“It is not lost on me that the Speaker is a woman, and I can’t help but wonder if the legislator in question would have behaved differently had the Speaker’s name been Michael, instead of Adrienne,” Luedtke wrote. He also listed several things the legislature had been doing to address the pandemic since adjourning from its regular session early, in mid-March.
In an interview this week, Byrd conceded that his words about Lewis “may have been heavy-handed, but I frankly don’t think it was unwarranted.” He said he singled out Lewis as a way to make a point about the dire conditions that many of his constituents face, and his firm belief that Democratic leaders ought to have moved more swiftly to address them.
“This is bigger than about me and Jazz,” he said. “This is about the people in Maryland who are suffering right now.”
Byrd said he was moved to write and release his document after getting “a wrenching call” from a woman who was unable to get unemployment benefits from the state.
“That was the last straw,” he wrote. “I’m sick of this crap. No more dancing around it. As far as I’m concerned, as of today, it’s no more Mr. Nice Guy for the enemies of the people in Annapolis.”
Greenbelt is not in Lewis’ legislative district.
Byrd told Maryland Matters he was hopeful during the summer when the legislature held hearings on the failures of the state’s unemployment system — with residents waiting days to get information online or on the phone, and checks taking weeks or even months to arrive.
But Byrd said he now believes that the legislature has failed to hold the Hogan administration accountable for the system’s breakdown — and Marylanders are suffering as a result. A special session, he said, should have been organized to attempt to fix the problems.
Lewis disputed Byrd’s claim that he had led the opposition to a special session within the House Democratic Caucus, and said he in fact served as a go-between for House leaders and the advocacy groups calling for a special session.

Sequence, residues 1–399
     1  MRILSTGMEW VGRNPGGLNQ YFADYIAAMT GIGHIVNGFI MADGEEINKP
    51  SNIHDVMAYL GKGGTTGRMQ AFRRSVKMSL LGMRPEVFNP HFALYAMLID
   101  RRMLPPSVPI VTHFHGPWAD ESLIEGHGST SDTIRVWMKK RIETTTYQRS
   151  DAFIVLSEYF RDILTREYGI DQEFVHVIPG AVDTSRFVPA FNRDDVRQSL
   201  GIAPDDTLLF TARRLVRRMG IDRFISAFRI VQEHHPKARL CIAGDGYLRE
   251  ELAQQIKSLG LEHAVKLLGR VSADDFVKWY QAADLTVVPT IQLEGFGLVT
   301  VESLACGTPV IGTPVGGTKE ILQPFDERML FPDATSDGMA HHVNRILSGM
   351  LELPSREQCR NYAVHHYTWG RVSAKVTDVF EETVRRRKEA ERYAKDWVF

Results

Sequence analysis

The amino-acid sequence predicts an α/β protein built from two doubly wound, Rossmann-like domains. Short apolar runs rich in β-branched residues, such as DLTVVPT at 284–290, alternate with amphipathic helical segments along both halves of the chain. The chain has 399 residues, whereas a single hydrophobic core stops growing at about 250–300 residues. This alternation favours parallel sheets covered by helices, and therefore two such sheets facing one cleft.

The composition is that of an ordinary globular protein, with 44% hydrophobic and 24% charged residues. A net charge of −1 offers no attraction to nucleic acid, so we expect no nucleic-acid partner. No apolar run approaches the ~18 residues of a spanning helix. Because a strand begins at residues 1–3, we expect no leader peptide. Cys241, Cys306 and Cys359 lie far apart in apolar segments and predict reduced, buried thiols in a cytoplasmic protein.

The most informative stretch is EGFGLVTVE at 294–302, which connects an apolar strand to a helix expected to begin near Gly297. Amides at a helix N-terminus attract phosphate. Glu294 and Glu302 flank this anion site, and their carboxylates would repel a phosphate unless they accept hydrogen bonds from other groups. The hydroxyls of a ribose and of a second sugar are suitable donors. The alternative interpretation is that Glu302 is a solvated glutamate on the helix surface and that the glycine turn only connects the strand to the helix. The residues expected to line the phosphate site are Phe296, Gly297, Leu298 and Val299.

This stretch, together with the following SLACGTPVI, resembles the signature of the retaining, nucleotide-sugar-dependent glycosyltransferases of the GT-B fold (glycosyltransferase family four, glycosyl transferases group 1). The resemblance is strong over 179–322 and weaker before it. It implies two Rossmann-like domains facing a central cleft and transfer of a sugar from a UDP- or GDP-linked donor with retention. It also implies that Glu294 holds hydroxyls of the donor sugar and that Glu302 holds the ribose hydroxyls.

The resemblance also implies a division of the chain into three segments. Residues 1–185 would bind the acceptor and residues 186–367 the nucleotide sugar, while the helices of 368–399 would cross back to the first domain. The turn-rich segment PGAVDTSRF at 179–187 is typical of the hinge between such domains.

Lewis said that even though opinions differed within the 99-member Democratic caucus about whether to hold a special session, there is broad agreement about the enormity of the challenges facing Marylanders during the pandemic and the many things that need to be done to stabilize residents who are feeling insecure.
“I think that’s the role of the caucus chair — trying to get everyone to row in the same direction,” he said.
Lewis also defended his vote for the Johns Hopkins police legislation in 2019, saying he only decided to support it after securing several police reform and accountability measures in the bill that could be applied to other law enforcement agencies around the state. The goal, he said, was to make it “as close to a model police force as you can get.”
Byrd said he’s aware that his missive could produce blowback for him and his city, but said he was prepared for whatever criticism may come.
“I know enough about Annapolis to not have rose-colored glasses about the way they would handle certain kinds of criticism,” he said. “Very candidly, the right response is not retribution. The right response is to do something for the people of Maryland.”
Asked whether he thinks the legislature is capable of boldly addressing the state’s problems in the upcoming General Assembly session, Byrd replied, “I think they more than have the capabilities to do a lot. But this isn’t about capability. This is about will. This is about courage.”